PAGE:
– Bob Bahr reporting, Editor PleinAir Today –
Nikki Frumkin isn’t doing it for sales. But for reasons of her own, the Washington artist climbs and paints from the top of mountains.
Lead Image: Nikki Frumkin painting at Mt. Rainier. Photo by Shawn Murphy
“I have always loved painting, but it wasn’t until three years ago that I realized I could go on hiking and climbing adventures with my watercolors,” says Frumkin. “The first trip I brought my art supplies on was a snow camping trip in Washington. It was such a good feeling to lie in my sleeping bag in the warm tent with the tent door open and paint the mountains right outside the tent. From then on, I brought my art supplies on every hike or climb I’ve done. Sometimes I bring lots of color and big sheets of paper because I know I will have more time and travel fewer miles and feet. Other times I am climbing big mountains and only bring one piece of paper and a pen.”
Frumkin sticks to drawing materials and watercolor paints, even though she was an avid plein air oil painter for years. “The logistics get tricky when I have to carry everything into the high country,” she says. “Some days I am climbing for 15 hours with a 45-pound pack, so I have to really consider what goes in it. Watercolors are very light and don’t require much cleanup (as compared to what you would need for oil painting). I have a deep respect for the natural world, and I want to take care of it and leave no trace. I love that watercolors dry fast and pack in and out easily. Because I often only have 45 minutes to paint in the evening at camp or during a quick lunch break, watercolors work really well for me.”
Mountains have a special place in Frumkin’s heart, and she stays true to their contours in her work. “I am really interested in patterns in nature and how to invoke the grandness of the outdoors through those repeating shapes, colors, and lines,” says Frumkin. “It is really important to me that what I draw is actually what is out there. I try my best to draw each rock, mountain, or snow field as I see it and know it to be, of course in my own voice. Because I paint the places I hike and climb, it feels important not to make it up. In this way, I also try to evoke my experience of the landscape. Most of the time being in the mountains is joyful. Often being in the mountains is hard work and lonely (especially when traveling on a rope team at night, separated from the rest of your team by rope and darkness). Both of those experiences go into the paintings.”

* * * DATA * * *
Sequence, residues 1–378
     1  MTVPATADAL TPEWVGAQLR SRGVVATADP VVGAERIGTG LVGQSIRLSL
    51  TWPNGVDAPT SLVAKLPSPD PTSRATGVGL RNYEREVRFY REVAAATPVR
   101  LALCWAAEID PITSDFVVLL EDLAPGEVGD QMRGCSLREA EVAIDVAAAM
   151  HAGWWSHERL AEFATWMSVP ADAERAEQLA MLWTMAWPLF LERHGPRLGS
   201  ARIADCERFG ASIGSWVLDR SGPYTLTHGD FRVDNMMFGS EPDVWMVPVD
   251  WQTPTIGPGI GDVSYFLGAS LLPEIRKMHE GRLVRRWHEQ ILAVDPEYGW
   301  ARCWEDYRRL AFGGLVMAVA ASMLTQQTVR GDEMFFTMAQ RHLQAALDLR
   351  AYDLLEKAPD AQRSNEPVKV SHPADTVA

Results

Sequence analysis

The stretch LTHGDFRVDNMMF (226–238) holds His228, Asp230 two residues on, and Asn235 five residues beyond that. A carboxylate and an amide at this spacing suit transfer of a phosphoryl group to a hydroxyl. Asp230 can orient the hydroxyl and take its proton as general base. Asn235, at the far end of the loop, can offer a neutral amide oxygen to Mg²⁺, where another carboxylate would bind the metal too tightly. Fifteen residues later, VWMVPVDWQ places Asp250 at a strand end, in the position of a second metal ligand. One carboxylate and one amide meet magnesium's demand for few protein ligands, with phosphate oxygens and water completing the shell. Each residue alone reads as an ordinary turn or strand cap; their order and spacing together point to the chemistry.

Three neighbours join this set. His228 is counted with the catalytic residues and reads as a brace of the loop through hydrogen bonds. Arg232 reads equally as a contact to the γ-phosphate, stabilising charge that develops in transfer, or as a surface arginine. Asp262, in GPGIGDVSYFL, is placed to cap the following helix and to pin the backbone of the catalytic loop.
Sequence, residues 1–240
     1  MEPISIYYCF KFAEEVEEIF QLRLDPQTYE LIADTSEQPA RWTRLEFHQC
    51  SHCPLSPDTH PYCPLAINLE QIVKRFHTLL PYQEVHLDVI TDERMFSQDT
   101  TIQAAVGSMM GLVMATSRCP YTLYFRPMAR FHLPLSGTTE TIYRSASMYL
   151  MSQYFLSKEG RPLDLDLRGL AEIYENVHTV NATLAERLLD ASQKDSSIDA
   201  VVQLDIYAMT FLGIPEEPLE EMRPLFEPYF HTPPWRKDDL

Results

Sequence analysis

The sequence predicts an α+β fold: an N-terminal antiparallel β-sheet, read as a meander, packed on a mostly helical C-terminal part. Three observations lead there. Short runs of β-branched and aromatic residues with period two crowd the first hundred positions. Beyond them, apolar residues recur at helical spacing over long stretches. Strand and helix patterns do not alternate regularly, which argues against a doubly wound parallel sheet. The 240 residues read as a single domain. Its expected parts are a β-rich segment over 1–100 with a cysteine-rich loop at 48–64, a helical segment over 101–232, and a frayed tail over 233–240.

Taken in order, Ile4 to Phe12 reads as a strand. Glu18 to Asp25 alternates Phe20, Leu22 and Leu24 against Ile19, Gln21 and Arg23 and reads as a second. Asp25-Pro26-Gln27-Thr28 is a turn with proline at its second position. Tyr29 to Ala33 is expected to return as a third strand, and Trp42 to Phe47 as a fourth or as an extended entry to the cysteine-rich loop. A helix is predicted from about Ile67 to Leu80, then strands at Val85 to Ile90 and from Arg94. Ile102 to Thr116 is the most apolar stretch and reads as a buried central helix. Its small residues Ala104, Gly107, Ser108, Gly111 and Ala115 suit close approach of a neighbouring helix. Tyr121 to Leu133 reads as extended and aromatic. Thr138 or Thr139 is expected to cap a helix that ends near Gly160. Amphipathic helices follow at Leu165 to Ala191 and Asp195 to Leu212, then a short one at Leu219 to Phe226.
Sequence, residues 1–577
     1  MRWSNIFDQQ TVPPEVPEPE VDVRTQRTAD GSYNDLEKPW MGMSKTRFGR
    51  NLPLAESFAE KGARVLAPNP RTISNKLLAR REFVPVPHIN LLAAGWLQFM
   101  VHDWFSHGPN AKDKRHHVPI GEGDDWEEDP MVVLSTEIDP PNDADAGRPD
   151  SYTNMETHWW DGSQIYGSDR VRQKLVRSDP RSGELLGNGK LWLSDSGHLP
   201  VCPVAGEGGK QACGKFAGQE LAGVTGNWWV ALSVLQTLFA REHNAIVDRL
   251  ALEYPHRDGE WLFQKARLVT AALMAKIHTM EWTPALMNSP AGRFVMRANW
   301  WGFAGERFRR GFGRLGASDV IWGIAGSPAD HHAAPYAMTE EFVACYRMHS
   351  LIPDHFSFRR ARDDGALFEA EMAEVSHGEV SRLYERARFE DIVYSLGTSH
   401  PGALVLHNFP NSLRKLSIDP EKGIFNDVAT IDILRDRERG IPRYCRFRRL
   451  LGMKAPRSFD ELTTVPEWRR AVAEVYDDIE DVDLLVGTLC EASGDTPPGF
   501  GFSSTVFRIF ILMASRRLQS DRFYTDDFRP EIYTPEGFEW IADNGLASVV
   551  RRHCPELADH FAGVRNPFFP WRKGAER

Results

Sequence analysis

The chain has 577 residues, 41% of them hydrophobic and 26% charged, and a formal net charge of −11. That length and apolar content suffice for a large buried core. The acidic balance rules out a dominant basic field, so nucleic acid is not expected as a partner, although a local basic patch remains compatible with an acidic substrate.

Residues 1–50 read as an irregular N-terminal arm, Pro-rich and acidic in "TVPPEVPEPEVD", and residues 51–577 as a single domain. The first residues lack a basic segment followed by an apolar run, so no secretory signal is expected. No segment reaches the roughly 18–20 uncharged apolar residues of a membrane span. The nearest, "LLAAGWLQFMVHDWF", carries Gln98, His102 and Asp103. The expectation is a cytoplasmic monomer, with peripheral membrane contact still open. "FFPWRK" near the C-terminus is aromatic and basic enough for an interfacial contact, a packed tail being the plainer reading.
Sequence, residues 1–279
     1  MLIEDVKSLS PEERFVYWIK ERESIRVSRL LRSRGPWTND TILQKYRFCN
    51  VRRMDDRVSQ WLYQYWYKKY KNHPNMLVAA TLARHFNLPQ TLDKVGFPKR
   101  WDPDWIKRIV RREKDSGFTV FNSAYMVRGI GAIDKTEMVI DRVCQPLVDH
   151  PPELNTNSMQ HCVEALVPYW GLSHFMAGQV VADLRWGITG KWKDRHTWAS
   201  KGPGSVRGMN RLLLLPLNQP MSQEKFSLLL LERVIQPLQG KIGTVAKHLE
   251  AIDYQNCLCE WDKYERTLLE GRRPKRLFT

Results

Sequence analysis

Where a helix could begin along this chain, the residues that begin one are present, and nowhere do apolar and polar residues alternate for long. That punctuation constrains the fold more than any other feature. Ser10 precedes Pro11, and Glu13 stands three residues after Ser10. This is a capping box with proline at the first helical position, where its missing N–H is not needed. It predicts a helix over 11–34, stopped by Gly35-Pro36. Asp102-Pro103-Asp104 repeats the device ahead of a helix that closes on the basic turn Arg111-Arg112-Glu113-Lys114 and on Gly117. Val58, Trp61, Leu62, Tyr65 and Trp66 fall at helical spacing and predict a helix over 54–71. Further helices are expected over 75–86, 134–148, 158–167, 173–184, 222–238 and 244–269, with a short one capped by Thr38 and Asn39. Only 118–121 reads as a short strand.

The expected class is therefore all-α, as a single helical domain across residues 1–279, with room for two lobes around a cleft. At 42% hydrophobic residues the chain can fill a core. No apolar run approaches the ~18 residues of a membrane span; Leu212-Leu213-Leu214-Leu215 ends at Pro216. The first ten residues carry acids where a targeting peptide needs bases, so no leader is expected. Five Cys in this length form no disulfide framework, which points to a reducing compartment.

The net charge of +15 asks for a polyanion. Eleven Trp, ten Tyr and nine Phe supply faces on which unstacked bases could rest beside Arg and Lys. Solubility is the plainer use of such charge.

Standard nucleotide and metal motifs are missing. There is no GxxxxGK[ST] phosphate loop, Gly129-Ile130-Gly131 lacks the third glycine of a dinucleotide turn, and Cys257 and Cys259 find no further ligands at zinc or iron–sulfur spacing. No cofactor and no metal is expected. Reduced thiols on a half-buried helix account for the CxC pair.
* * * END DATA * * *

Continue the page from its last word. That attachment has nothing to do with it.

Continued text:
It seems likely that others who love mountains — and those who appreciate careful line work and on-location drawings — would snap up Frumkin’s work. But the artist-climber doesn’t really seem to care too much about sales. “I make the art because I love doing it and it brings me lots of joy to create outside,” says Frumkin. “It is such a joy to share the wonder I feel when I am outside through my art — to represent those places and experiences. I also love that I have made connections with many wonderful people through the paintings. I have found social media to be a really great way to share my art with people who identify with it all over the world.
“I also want to use my art to give back to the outdoor community when I can. I am still figuring out what that looks like, but so far it includes donating art to organizations whose goal is to protect our natural spaces. And encouraging people to experience the beautiful places in a sustainable way. When posting on social media, I try to encourage and show how I leave no trace!”
At the root of it, Frumkin may have no choice in the matter. “Being outside is part of who I am and where I am my best self.”